you wrote:
    those on the top rung are completely unmovable unless you’ve got serious stats on your record that prove you’re not only willing to exploit yourself to the fullest, you’ve got quantifiable numbers of folks ready and waiting to watch.
    see! i knew there were things that we simply rock solid barriers. duh, it doesn’t take a genius to figure that out. but this line, exploit yourself to the fullest…yes, now there it is in all its shameful glory. why do we do this? why do we try to get these numbers of people gawking at our oozing sores and slopping up our purged phrases?
    i do not know. truly. i think it better, often, to remain obscure and do your art for the purity of art. i’ve been thinking about agents, someone to pimp my work, but that is just an overwhelming thought for me. at least if i’m doing my own thing, i can go down in flames and have some dignity.

  5. siouxsiepoet says:

    btw mick, those striped socks (in your picture with ellie) make your ankles look fat.

  6. I like the snarky Mick. (I think it was Dave Long who recently said Christian fiction has no irony.) I appreciate your honesty.
    Suz, now I have an interesting image of writing as funeral pyre. Thanks.

  7. The honeymoon has to end? Apparently no one told my husband.
    100 points for Suz (50 for the Princess Bride quote and 50 for the socks remark)
    Brave Sir Mick, we all appreciate your gallant stand against the Draconian Dragons who hold us all captive in the drab and foggy land of Creative Constraint. Thanks for risking your own life to brandish Sword Snarkadian in the battle. May the shield of Boyish Cuteness and the elixir of Brilliant Charm protect you from all harm. (Meanwhile, don’t do anything stupid. We like you.)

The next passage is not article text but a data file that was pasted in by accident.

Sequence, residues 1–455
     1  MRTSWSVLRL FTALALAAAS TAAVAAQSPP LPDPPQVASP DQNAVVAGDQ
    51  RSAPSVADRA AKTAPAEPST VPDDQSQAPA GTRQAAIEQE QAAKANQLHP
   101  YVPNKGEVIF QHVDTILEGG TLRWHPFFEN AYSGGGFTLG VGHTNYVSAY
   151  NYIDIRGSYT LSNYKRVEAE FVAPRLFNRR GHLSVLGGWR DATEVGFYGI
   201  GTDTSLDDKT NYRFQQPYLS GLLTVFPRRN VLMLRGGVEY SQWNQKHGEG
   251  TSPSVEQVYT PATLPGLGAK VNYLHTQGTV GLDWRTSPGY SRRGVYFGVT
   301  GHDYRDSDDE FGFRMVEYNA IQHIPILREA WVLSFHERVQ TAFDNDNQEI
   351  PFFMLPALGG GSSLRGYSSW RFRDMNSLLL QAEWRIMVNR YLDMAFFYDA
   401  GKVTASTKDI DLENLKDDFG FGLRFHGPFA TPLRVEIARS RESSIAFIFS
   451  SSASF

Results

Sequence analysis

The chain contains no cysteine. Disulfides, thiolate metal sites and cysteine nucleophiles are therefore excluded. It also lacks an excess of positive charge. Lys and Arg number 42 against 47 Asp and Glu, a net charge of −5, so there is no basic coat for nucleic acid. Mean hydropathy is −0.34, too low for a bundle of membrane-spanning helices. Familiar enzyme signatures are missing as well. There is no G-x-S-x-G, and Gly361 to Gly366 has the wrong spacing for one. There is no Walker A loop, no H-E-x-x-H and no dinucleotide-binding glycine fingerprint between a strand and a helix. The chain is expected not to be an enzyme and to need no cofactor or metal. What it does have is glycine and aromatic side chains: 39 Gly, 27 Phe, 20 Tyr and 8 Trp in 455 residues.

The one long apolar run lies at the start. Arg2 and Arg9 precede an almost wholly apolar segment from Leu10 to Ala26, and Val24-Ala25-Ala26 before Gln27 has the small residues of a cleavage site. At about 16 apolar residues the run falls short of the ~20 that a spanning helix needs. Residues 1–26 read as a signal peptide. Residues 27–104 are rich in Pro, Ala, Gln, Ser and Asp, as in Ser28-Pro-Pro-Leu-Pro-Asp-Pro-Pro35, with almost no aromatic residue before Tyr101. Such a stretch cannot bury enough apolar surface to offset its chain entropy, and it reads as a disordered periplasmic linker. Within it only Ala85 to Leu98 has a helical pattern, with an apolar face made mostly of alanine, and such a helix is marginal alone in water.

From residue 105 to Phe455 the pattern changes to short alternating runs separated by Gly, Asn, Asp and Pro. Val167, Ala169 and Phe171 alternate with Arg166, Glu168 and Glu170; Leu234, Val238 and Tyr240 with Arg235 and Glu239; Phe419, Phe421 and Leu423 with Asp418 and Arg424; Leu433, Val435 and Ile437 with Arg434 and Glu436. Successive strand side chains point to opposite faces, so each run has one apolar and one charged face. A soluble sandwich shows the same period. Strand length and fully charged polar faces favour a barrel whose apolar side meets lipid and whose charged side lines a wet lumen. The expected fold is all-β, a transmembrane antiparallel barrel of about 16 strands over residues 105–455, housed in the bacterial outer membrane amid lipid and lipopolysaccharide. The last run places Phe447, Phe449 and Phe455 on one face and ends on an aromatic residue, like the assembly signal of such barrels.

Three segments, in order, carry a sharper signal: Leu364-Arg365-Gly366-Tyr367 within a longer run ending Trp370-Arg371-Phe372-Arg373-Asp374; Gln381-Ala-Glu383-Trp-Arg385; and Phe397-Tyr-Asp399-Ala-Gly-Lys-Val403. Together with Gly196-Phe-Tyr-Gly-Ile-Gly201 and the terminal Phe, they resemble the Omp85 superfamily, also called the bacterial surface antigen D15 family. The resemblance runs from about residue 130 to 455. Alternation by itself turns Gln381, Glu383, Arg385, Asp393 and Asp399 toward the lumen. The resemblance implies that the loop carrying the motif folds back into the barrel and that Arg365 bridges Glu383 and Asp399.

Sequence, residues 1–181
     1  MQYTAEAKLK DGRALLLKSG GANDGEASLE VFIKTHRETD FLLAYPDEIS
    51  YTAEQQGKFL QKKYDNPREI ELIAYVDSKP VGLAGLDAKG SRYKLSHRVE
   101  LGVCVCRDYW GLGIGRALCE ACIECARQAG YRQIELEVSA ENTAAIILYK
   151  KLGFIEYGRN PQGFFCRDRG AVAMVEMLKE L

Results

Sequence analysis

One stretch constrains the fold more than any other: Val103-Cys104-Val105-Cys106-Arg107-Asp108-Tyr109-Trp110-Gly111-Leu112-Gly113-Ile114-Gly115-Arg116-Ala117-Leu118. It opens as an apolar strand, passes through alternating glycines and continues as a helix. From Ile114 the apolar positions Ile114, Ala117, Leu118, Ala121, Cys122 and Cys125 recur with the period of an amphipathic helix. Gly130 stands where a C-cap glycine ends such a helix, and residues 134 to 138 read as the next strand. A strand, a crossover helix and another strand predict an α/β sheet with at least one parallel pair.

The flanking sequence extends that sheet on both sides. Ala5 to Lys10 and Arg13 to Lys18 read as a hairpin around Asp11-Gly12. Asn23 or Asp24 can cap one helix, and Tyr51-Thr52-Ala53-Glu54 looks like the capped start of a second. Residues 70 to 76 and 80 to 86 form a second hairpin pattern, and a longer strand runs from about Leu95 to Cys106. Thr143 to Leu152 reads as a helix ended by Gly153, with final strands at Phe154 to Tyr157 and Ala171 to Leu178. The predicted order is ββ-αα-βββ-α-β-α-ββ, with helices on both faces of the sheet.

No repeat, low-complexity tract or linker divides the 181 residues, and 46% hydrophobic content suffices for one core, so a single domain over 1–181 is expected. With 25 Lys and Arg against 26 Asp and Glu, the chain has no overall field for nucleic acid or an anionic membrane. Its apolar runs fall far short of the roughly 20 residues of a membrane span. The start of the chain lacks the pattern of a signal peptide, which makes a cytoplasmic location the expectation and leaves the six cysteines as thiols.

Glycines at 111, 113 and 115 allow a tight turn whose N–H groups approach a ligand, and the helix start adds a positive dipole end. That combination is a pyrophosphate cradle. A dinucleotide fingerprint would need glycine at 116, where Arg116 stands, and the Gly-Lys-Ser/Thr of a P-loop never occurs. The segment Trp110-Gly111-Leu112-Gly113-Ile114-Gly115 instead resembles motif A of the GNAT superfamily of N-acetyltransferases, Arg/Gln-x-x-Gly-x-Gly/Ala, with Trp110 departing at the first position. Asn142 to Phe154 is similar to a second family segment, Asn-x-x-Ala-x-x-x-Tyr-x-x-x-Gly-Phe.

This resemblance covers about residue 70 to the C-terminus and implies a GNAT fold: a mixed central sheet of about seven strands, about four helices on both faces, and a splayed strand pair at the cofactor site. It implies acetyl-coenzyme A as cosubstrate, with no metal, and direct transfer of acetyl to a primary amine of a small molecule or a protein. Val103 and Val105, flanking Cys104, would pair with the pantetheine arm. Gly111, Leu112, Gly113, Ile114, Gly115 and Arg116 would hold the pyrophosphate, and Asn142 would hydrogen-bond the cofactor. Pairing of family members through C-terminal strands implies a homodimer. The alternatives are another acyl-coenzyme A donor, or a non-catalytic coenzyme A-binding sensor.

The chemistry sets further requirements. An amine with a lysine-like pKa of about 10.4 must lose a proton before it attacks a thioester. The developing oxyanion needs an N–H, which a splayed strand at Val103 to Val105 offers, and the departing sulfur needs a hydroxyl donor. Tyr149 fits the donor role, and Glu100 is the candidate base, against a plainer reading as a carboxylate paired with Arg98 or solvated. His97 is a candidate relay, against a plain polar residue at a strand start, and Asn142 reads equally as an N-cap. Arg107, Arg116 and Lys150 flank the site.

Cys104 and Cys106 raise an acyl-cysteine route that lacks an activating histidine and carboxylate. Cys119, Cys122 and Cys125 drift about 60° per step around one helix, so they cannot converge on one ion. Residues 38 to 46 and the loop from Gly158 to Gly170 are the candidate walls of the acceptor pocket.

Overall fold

8. siouxsiepoet says:

    finally, some points!

  9. Steve Parolini says:

    You ask a good question, “when did the line between diplomacy and duplicity get so fuzzy?” Isn’t that always what happens when dollars are at stake?
    I know (pray, hope) there is something more than a dollar sign behind the eyes of well-meaning publishers who raise the CBA flag, but ultimately, money is the deciding factor in what they choose to publish. The power that deciding factor gives a publisher brings up a whole host of issues you’ve addressed many times in previous postings (in your snarkier days). [Who will make the first move toward the New World Order of Christian publishing, the frightened book buyer for your local Christian store or the skittish publisher who wants to keep the book buyers happy and unafraid?]
    What to do? Do you share company secrets–the Secret List of Lines Which Cannot Be Crossed–with an author who is confuddled by your inability to answer his or her direct questions? Well, what is diplomacy, really? Isn’t it presenting the portion of truth that will satisfy the question, while witholding the pieces that ultimately don’t matter to the final result?
    I know. Sounds like duplicity doesn’t it.
    Fuzzy is as fuzzy does.

  10. Angie says:

    And your vacation is when?

  11. Mick says:

    Oh, you kids. Live and let live, I say. It comes down to money for the publishers, as Steve said, but it doesn’t necessarily have to for the writers and editors. I’m happy to let someone pay me to remain blissfully foolish about all matters monetary and keep those “profitable” books pumping out. If parenthood is teaching me anything it’s that at times it’s good to notice a thing (like the disconnect between profitable and attention-worthy), but not necessarily to poke at it.

  12. Okay, so which is it? Your writers group, or ours? (Did we poke at it too much?)

  13. Mick says:

    Small identity crisis, JD. :) Just playing with banners. Had an old one on default, I think…
    BTW, try the new {quot for thot} link. Typepad’s slick!

  14. Snazzy {quot for thot} jazz. Flannery O looks good in black.
    I also like your (our!) new banner. Those books resemble some we display around our living room. They belonged to George’s grandfather. We found them twenty-six years ago, stashed in his old barn in Ohio. Intriguing titles, too. There’s something fascinating about old books. Perhaps because they have more than one story to tell.